Why a little pattern goes a long way — but discretion is the better part of decoration

Being bold is scary, but — as Giles Kiime explains — taking the plunge can pay off handsomely.

If you think that choosing bold paint colours requires a leap of faith, try working your way through a book of patterned fabrics. Picking the wrong paint can be inexpensively rectified, but fabric mistakes can be expensive.

At the upper end of the market, it’s increasingly hard to get much change out of £100 a metre. Multiply that several times over for a sofa, add making-up costs and it’s a risky punt to take on your aesthetic instincts. ‘Oooh, says your closest friend/frenemy,’ sniffing out an opportunity for a jolly bit of schadenfreude, ‘what a brave/quirky choice’ (‘brave/quirky’ in the schadenfreude dictionary roughly translate as ‘unhinged and misjudged).

Large quantities of patterned upholstery are glorious, but Falstaff’s comment that ‘discretion is the better part of valour’ is as relevant to choosing fabric as it is to the Shakespearean battlefield. The answer lies in choosing pattern for lesser elements of a scheme. There’s no doubt that patterned cushions, lampshades and rugs are lifting the mood immeasurably after a decade or two of dreary minimalism; however, making a bolder statement will sometimes pay dividends.

Headboard in Glacier Storm fabric by Andrew Martin

In the middle ground are smaller items of upholstery, such as ottomans, bedheads and modestly proportioned armchairs that require only a few yards of fabric, rather than a whole bolt.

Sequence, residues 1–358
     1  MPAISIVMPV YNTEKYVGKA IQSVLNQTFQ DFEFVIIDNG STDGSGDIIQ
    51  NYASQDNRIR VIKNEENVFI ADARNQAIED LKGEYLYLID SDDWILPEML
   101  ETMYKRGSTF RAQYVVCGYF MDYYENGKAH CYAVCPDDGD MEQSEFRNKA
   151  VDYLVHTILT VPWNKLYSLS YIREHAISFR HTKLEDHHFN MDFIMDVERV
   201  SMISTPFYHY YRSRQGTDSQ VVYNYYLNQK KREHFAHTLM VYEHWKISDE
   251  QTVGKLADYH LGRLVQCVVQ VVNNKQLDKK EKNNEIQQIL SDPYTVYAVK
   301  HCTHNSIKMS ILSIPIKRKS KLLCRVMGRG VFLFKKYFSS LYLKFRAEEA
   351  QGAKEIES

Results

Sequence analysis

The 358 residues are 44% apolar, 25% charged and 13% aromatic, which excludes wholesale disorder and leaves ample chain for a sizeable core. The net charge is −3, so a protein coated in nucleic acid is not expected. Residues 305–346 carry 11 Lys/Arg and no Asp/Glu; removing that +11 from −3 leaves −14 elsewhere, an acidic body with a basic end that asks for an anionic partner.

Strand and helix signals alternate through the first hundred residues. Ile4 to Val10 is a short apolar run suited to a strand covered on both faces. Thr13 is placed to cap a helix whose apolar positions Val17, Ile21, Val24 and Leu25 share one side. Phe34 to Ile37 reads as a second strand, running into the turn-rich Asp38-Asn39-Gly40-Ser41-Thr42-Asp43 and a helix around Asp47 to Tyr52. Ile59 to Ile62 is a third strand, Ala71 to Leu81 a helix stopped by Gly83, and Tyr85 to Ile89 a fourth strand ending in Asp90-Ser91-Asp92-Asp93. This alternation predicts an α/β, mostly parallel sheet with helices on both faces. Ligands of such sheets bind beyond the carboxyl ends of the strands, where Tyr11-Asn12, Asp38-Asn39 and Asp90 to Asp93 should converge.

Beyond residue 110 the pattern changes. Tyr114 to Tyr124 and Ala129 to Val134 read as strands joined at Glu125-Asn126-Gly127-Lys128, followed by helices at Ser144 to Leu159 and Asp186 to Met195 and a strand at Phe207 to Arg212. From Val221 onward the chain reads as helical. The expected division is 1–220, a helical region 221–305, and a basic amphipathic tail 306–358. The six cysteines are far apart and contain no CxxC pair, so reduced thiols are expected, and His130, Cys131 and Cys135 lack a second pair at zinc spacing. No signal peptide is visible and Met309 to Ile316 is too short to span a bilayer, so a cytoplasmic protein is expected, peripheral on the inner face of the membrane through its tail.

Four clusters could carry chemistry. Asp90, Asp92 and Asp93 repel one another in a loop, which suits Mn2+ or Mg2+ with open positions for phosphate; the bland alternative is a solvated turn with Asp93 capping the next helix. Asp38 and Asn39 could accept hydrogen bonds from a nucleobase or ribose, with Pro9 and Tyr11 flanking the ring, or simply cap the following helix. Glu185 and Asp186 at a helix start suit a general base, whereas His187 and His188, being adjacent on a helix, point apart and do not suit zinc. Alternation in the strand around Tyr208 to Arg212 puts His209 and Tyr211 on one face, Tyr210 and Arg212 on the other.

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The ottoman is the obvious means of injecting pattern in a sitting room. Descended from a style of low couch that found its way over the Bosphorus in the 18th century, it creates a jaunty focus for an arrangement of sofas and armchairs. Add some braid and bullion fringe and you have something really rather magnificent (in a Suleiman kind of way).

Box Ottoman by David Seyfried in Bukhara by Clarence House.

Then there’s the small armchair that goes under various euphemisms (cocktail chair/nursing chair/accent chair) and is great for occasional seating or filling voids. The other opportunity for a small, but striking use of pattern is the upholstered headboard, a decorative device pioneered by Kit Kemp, the creative force behind some of the most stylish hotels in London and New York. A tall, patterned headboard is an imposing presence in a bedroom and creates a feeling of padded comfort that is hard to beat.

In all these instances, the limited expanses of fabric don’t only allow you to trade up, but also to use bolder, large-scale patterns that you’d have to be very brave to choose for curtains. As Falstaff might have said, ‘discretion is the better part of decoration’.